"A municipality of iniquity, [a] modern Gomorrah...[a] principality of vice" is what the Oakland Observer called Emeryville in 1925. Two years later a young Alameda County district attorney named Earl Warren launched a crackdown on bucket-shop gambling in what he called "the rottenest city on the Pacific Coast."
The future Chief Justice's raids had little permanent effect, though, and gambling flourished in Emeryville throughout the '30s and '40s. Cliff Seagraves, managing partner of the Oaks Card Club in Emeryville since 1963, fondly remembers Joe the Bake, who died three years ago at the age of 94. During the '30s and '40s Joe the Bake operated a bookie joint upstairs at the Oaks; poker was played on the main floor. There is still a secret passage running from Seagraves's office, which had been Joe the Bake's betting parlor, to what was then a Chinese laundry next door. Thus did the Bake's clientele escape from unsporting lawmen.
Marvin tells of the slot machines and craps games at the Key club in the '30s and '40s. By 1962 illegal gambling was so widespread that Emeryville city attorney William Quinn felt compelled to draft an ordinance making it unlawful to gamble with dice in a public place or to bet money upon the result of a game—even though such activities had been illegal under California state law since 1872.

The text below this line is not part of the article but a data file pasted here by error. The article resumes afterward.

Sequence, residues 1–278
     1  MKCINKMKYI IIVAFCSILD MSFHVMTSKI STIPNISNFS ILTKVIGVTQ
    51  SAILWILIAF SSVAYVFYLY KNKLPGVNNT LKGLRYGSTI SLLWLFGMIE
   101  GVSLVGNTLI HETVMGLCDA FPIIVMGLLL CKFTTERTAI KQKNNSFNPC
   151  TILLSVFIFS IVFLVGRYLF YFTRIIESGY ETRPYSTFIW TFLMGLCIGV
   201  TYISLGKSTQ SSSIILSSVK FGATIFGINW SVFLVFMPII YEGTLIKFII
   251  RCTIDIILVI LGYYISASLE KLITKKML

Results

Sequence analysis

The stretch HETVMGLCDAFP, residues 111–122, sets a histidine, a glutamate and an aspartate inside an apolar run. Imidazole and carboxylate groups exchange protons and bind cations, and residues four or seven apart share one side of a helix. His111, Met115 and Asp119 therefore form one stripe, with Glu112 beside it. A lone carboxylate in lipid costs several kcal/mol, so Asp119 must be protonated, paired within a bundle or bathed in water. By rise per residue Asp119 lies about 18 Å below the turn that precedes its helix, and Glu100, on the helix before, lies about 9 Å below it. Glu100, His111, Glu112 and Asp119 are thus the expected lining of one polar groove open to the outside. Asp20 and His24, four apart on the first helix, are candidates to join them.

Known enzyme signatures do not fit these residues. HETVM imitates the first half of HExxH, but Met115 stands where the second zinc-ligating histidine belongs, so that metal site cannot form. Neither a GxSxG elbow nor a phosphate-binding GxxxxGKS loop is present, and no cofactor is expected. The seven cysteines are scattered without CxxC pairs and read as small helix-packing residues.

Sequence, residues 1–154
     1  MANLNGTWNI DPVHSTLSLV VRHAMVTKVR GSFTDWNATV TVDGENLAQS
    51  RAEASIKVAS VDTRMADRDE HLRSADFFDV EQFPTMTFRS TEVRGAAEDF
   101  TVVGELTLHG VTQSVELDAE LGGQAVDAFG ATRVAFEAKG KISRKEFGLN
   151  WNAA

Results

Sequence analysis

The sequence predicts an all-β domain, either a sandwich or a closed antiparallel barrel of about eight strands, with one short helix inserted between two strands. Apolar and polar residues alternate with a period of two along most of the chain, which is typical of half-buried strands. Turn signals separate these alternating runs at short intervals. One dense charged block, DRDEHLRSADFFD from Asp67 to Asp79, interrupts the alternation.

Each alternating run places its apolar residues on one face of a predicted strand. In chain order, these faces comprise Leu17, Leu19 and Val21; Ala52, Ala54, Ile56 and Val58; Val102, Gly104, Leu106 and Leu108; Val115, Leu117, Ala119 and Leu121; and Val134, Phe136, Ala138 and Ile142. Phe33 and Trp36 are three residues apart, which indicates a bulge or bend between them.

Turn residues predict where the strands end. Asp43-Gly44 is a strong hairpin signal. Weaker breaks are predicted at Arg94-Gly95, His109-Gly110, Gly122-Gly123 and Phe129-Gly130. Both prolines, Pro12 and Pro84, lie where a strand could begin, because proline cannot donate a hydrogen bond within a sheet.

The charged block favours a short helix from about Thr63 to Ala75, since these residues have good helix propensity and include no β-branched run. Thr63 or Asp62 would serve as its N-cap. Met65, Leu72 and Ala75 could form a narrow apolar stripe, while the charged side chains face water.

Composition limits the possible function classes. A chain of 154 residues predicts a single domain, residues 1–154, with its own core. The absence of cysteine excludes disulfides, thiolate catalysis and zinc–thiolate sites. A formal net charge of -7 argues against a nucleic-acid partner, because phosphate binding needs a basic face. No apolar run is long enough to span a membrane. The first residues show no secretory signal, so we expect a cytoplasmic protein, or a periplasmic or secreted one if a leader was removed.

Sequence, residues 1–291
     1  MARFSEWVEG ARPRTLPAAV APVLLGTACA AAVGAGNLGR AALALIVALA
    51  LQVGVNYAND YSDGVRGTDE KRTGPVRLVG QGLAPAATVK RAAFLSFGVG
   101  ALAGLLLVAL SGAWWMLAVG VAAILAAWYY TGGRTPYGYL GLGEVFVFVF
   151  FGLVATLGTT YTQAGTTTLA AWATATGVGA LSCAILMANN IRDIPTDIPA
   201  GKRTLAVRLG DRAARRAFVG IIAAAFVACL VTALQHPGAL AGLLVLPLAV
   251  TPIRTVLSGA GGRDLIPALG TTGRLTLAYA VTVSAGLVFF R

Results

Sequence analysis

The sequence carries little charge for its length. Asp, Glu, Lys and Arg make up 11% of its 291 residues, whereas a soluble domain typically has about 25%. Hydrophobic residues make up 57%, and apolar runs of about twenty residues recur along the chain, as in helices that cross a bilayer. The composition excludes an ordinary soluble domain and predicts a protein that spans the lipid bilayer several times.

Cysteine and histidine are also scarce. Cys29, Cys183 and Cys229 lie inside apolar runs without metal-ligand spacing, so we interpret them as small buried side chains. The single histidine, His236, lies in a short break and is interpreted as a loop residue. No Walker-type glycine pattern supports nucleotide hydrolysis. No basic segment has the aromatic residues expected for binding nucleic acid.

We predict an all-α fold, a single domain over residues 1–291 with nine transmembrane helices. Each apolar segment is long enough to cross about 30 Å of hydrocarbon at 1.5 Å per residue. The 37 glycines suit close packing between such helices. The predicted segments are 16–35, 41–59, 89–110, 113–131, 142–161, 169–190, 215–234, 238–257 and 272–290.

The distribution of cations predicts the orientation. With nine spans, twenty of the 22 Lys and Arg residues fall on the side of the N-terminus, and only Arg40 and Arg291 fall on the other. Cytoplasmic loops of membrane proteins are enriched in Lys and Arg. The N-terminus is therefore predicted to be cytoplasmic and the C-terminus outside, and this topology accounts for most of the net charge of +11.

The axis of Emeryville gambling has always been San Pablo Avenue. The Oakland Trotting Park was on San Pablo; the bucket shops were on San Pablo; and today the city's three major card clubs—the Oaks, the Key and the Santa Fe—are also on what locals call "the Street." In the old days, the poker playing often took place in a back room, along with "any [other activity] the owners could get away with," says one Key club employee. Now the Emeryville card games are played openly.
The Oaks, the Key and the Santa Fe are a study in contrasts. At the Oaks, Mercedes and Cadillac cars are commonplace in the parking lots. Inside, $1.5 million worth of remodeling and expansion have recently been completed. Seagraves and promotion director Bob Quinn have aggressively solicited well-heeled businessmen from San Francisco and Oakland, as well as other high rollers.
The results have been a resounding success. The 22 playing tables at the Oaks are nearly always fully occupied, and it's not unusual to see $100,000 or more in chips in action. The most popular game is limit lowball, in which the best hand is ace, 2, 3, 4, 5, with a limit on the amount a player can bet. Nevertheless, the stakes in these games can be sky-high. Sea-graves recalls the time a San Francisco man won more than $400,000 in five sessions of $800-and $1,600-limit lowball. In a single session one of his opponents lost $85,000; another lost $70,000.
The Oaks doesn't take a cut from either wins or losses. Like the many other legal cardrooms throughout California, the Oaks draws its income from seat charges—ranging from $4 an hour in a $40 buy-in game to $30 an hour in a $2,000 buy-in game—and from sales of drinks and food.
The Key club, located a block south of the Oaks, doesn't feature the high-stakes action of its plusher neighbor. It attracts the odd lawyer or doctor, but, says John Marvin Jr., the owner's son, "Most of our clientele is the working person who just has the minimum amount to play. It's the Oaks that gets the really big money."